California is suffering from one of the worst droughts ever recorded: three years of low rain and snowfall have left the state in crisis, with the Sierra Nevada snowpack being the lowest it’s been for 500 years. According to government data, 2014 was the third driest year in California over the last 119 years; it was also the warmest year on record.
That means California needs to find some innovative water conservation ideas, and fast. Authorities are trying to reduce evaporation and use seawater to tackle the drought, and the most recent proposal to be put forward uses one of nature’s oldest and most recognisable water hoarders: the humble cactus.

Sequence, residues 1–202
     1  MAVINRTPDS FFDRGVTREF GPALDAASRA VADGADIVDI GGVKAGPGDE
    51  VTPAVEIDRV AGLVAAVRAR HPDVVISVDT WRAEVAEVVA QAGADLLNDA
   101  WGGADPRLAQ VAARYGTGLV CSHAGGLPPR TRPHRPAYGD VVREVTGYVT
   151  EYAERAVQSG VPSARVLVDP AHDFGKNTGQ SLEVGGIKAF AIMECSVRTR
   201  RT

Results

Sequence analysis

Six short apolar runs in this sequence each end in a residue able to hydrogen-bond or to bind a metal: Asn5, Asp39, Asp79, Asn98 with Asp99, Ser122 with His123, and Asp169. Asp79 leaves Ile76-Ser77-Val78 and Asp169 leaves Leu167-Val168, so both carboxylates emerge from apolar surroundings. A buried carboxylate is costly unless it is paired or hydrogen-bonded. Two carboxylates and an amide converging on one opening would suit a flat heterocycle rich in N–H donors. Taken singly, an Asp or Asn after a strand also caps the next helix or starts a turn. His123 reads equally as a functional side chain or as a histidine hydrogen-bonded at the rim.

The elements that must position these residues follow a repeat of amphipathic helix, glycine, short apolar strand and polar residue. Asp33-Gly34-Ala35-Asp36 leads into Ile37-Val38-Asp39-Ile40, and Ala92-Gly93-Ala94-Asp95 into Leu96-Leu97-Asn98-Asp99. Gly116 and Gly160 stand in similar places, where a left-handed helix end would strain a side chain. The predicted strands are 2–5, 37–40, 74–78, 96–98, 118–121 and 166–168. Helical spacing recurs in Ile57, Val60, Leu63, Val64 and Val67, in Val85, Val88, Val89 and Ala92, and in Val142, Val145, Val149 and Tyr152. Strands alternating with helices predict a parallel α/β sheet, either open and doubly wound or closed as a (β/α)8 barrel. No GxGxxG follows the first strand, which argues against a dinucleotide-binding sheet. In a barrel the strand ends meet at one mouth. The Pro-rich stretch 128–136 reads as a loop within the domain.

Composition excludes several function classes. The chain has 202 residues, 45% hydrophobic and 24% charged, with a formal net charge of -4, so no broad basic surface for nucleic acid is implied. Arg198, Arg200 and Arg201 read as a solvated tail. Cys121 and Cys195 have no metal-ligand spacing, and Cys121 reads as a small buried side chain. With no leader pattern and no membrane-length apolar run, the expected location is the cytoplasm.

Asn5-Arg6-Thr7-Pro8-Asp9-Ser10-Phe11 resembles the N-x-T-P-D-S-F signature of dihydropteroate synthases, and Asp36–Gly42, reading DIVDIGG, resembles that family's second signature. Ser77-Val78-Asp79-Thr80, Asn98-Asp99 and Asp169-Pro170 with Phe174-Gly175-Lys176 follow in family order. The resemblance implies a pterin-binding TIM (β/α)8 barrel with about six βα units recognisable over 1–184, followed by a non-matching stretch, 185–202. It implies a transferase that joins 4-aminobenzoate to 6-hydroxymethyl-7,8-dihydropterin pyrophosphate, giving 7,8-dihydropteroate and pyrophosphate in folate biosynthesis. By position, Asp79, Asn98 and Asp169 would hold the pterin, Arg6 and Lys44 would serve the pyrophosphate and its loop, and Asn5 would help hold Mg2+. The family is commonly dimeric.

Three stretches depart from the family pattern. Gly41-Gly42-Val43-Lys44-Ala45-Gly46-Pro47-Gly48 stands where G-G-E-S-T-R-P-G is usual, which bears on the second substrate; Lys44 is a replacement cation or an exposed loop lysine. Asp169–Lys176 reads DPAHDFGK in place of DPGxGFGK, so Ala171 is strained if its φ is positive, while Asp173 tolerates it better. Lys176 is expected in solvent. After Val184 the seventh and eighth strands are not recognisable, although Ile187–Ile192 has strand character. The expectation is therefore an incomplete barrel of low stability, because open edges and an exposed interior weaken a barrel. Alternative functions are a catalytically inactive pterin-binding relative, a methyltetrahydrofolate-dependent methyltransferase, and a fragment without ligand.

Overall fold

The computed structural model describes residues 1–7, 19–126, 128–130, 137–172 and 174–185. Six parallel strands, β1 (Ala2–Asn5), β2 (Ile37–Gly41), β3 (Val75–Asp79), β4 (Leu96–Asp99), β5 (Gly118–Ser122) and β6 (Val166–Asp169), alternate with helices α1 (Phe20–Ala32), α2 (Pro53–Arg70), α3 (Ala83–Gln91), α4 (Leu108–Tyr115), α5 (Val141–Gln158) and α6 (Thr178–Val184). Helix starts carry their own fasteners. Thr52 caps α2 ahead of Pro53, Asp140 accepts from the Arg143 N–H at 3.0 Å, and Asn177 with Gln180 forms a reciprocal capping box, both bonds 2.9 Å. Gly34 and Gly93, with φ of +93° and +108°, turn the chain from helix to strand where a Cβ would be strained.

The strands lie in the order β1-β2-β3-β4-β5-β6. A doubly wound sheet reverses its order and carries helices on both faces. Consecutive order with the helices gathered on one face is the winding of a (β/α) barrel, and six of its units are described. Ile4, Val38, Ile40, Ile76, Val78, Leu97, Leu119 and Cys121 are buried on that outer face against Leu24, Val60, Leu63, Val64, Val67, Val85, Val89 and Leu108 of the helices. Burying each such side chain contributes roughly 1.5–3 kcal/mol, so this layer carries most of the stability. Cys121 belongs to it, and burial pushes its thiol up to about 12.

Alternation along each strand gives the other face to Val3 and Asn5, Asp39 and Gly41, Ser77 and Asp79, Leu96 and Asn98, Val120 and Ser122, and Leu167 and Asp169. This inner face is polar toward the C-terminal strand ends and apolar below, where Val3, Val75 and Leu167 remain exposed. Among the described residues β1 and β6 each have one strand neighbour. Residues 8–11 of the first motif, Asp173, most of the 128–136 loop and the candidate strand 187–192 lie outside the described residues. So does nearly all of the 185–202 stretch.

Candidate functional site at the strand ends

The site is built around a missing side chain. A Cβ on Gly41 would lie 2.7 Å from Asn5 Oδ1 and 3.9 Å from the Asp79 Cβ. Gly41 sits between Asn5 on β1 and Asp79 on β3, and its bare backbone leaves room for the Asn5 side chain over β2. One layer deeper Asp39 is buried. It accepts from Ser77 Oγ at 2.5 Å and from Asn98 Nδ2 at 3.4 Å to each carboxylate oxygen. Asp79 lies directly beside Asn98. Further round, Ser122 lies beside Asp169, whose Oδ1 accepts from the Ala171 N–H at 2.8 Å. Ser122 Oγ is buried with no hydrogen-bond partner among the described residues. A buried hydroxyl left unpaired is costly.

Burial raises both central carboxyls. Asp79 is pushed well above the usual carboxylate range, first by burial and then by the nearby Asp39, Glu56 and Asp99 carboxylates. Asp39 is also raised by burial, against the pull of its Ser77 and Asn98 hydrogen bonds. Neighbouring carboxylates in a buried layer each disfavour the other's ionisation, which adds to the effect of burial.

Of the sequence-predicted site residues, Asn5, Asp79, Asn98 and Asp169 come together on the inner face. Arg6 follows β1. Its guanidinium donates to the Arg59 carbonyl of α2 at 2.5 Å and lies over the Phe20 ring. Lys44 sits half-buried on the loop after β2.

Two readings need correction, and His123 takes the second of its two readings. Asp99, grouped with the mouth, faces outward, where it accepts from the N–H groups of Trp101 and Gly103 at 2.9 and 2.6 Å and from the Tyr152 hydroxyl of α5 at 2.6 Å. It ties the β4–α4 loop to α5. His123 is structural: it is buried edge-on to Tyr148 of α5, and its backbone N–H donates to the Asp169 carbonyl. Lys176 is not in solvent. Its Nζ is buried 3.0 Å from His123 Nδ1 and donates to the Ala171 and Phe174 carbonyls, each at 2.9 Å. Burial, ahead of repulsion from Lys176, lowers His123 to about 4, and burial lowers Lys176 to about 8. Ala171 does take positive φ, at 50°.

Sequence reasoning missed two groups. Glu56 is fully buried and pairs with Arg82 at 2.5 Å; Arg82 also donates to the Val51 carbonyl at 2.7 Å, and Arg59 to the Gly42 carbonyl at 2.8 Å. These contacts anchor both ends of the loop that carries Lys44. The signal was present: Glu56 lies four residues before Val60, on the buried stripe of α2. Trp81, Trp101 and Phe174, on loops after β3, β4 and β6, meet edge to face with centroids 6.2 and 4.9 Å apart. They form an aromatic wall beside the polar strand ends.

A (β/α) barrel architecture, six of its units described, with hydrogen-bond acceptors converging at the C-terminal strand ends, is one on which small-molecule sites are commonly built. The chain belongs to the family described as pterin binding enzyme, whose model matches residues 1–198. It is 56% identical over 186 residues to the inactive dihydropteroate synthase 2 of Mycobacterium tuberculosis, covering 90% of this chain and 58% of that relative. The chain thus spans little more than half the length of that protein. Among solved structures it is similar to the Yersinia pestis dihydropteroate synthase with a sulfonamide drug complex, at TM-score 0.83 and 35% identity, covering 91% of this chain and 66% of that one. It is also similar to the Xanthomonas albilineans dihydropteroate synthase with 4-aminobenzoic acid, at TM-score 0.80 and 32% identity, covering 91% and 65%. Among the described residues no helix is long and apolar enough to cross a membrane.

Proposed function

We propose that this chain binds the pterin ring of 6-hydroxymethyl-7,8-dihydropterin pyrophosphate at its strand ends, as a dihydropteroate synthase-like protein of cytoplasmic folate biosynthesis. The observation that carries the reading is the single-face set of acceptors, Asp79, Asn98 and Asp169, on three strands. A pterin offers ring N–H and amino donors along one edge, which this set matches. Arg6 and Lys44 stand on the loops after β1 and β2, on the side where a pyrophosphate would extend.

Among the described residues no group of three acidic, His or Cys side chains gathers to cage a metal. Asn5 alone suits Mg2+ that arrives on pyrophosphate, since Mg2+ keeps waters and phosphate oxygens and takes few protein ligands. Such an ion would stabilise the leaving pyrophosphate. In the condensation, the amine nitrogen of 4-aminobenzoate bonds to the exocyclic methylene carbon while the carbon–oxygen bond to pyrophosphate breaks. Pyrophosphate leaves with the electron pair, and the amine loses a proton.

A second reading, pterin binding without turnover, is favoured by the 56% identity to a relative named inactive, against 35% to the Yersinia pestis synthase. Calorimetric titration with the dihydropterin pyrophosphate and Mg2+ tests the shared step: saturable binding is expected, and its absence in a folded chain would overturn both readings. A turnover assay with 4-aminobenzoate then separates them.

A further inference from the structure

Called Grassroots Cactivism, the idea is the winner of an Archinect’s competition looking for solutions to California’s drought problem. It won in the speculative category, so don’t expect it to become a reality in the very near future, but it involves using the nopales cactus (also known as the prickly pear) as food for livestock and as a water cleaning agent. With 80 percent of the state’s water usage taken up by agricultural production, any savings that farmers make can have a significant impact on the overall […]